What really works? 7 Key Features of 100-Year-Old Global Family Enterprises

Dennis Jaffe 7 Key Features
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Editorial By Dennis T. Jaffe, PhD.

Family enterprises form the majority of businesses large and small in every country in the world, but relatively few are able to sustain multigenerational success. Those that do, however, evolving to meet the challenges they face while holding on to the narratives that tie them together, share some common features – practices and policies that have helped them navigate the last century and more.

Through our multi-year project interviewing centenarian family enterprises around the globe, we’ve gained insight into the mechanisms that sustain them. Even if these features are constantly evolving and expressed in a variety of ways, these families have all defined their values and purpose, innovated across generations, expressed their social vision in philanthropy and sustainable initiatives, created family learning activities and a family council and passed their values, capabilities and commitment to the next generation.

Dennis Jaffe 7 Key Features
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We call the 100-year families interviewed “generative” because they continue to create further wealth, both financial and non-financial, over generations. The seven key features of their success are: 

1. Build a Great Family Tribe

After creating great wealth, the family made a decision to invest in building a “great family” to use their wealth to develop capability and responsible behaviour in succeeding generations. They can be seen as tribes, or clans, with members dispersing but sharing common values and purpose as business and financial partners. Their definition of family is inclusive and expansive and often extends to include their employees, key advisors and even their home community.

2. Culture Change to Transparency and Collaboration

The family originates with a paternalistic orientation, taking care of family members, but by the second or third generation, the culture shifts to become more transparent, open and collaborative. This entails having clear policies, practices and organisation to set goals, define leadership, make decisions and hold people accountable. The family culture shifts from family to business first, a more professional orientation to business and investment and also toward transparency and collaboration.

3. Resilience

These families are continually changing and adapting as their internal and external circumstances change. They evolve from a single legacy business, often to sell it and become a family office including multiple assets and a foundation.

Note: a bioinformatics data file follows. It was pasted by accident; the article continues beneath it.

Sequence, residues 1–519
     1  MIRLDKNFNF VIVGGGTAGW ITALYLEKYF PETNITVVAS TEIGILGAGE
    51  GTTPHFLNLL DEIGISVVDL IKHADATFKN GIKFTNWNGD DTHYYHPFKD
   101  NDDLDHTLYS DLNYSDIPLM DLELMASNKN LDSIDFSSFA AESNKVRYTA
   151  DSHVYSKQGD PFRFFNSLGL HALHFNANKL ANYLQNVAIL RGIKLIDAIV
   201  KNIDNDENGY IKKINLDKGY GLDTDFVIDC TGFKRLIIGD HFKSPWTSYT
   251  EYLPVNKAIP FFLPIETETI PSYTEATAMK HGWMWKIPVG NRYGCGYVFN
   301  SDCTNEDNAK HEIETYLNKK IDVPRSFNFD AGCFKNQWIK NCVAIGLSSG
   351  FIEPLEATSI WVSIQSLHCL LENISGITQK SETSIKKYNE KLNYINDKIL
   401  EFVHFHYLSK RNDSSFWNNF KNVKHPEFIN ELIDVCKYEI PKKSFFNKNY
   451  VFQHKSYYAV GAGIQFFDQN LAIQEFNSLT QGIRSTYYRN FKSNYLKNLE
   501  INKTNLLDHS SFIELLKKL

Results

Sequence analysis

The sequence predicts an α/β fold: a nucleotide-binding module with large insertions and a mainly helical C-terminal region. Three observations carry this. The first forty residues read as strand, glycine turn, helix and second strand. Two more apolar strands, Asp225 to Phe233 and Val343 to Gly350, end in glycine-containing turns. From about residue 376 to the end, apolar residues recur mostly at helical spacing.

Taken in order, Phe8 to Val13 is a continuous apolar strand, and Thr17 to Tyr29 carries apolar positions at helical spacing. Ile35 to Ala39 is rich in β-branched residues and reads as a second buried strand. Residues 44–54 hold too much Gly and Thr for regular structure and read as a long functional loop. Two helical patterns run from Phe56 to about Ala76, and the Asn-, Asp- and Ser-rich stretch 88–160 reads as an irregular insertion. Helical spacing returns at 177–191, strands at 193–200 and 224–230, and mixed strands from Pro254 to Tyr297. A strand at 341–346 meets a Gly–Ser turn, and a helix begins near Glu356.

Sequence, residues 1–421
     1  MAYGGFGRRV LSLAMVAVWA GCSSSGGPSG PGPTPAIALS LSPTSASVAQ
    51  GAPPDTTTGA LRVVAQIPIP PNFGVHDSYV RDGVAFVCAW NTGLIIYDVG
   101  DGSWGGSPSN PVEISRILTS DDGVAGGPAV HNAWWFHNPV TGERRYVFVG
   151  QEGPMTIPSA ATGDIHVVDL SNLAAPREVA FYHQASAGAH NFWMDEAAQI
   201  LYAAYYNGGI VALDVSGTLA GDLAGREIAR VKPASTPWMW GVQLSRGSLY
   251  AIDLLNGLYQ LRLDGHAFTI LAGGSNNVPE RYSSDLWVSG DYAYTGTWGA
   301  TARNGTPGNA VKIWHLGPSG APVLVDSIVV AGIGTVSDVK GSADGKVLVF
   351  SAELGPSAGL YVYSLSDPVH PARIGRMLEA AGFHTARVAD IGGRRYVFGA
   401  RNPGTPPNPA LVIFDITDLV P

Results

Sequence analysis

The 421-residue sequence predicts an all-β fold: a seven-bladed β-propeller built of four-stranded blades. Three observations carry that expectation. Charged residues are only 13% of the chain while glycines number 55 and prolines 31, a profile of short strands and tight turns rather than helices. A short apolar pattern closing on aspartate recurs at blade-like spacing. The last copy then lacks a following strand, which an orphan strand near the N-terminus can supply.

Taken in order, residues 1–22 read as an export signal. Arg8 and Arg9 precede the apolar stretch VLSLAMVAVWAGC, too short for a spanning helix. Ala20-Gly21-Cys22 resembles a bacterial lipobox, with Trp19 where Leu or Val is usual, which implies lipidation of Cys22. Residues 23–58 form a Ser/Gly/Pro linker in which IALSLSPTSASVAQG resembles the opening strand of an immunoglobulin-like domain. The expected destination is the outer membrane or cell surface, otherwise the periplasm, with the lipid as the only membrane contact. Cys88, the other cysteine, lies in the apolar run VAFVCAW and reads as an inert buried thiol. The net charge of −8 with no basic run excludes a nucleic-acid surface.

4. Values-based

New generations turn attention to implementing the family’s values and its social commitment. It links its values to its business and investment practices and becomes involved in philanthropic ventures. These build the identity and commitment of the family to remain together.  

Dennis Jaffe 7 Key Features
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5. Family and Business Governance

They separate family from business affairs. They organise and make decisions about family activities such as shared education, family gatherings, use of family assets and special places, celebrating their legacy and getting to know each other deeply. There is consensus that families should form family councils and boards with independent members, family constitutions and that highly specific trust ownership are all best practices for families.

The development of family governance is parallel and interconnected with their business governance. It engages new family leaders and adds to the shared “capital” of the family.

6. Generative Stakeholder Alliance

Three groups of stakeholders are essential to resiliency:

  • Elders: hold the legacy, wisdom and core values.
  • Advisors: professionals who help the family develop business discipline and professionalism.
  • Rising Generation: young people who are the future, with their own values and global experience.

The successful generative family enables each group to have a voice and develop structures and processes where all these voices are balanced, something that we call the “generative alliance”.

7. Develop the Rising Generation

The family invests in teaching, guiding and engaging members of their rising generations, seeking to recruit the most talented to roles within the family enterprise. They train them to become stewards and add value to the enterprise.

This article is based on Borrowed from Your Grandchildren: The Evolution of 100-Year Family Enterprises (Wiley, Feb. 26, 2020). The book presents the findings of a multiyear project of interviews with 100 business families around the globe that have succeeded for 100 years or more.

The families see their values as the key to their success, but each generation has to put the values into action by creating governance, communication and family education and development. Their stories help advisors and families make choices in their first and second-generation that can set them on a long-term path to success.

Borrowed from Your Grandchildren: The Evolution of 100-Year Family Enterprises can be found here.

Dennis Jaffe 7 Key Features
Dennis Jaffe; image courtesy of the author

Dr Jaffe, a San Francisco-based advisor to families about family business, governance, wealth and philanthropy, is a Senior Research Fellow at BanyanGlobal Family Business Advisors and the author of Borrowed from Your Grandchildren: The Evolution of 100-Year Family Enterprises as well as several other titles in the family business field.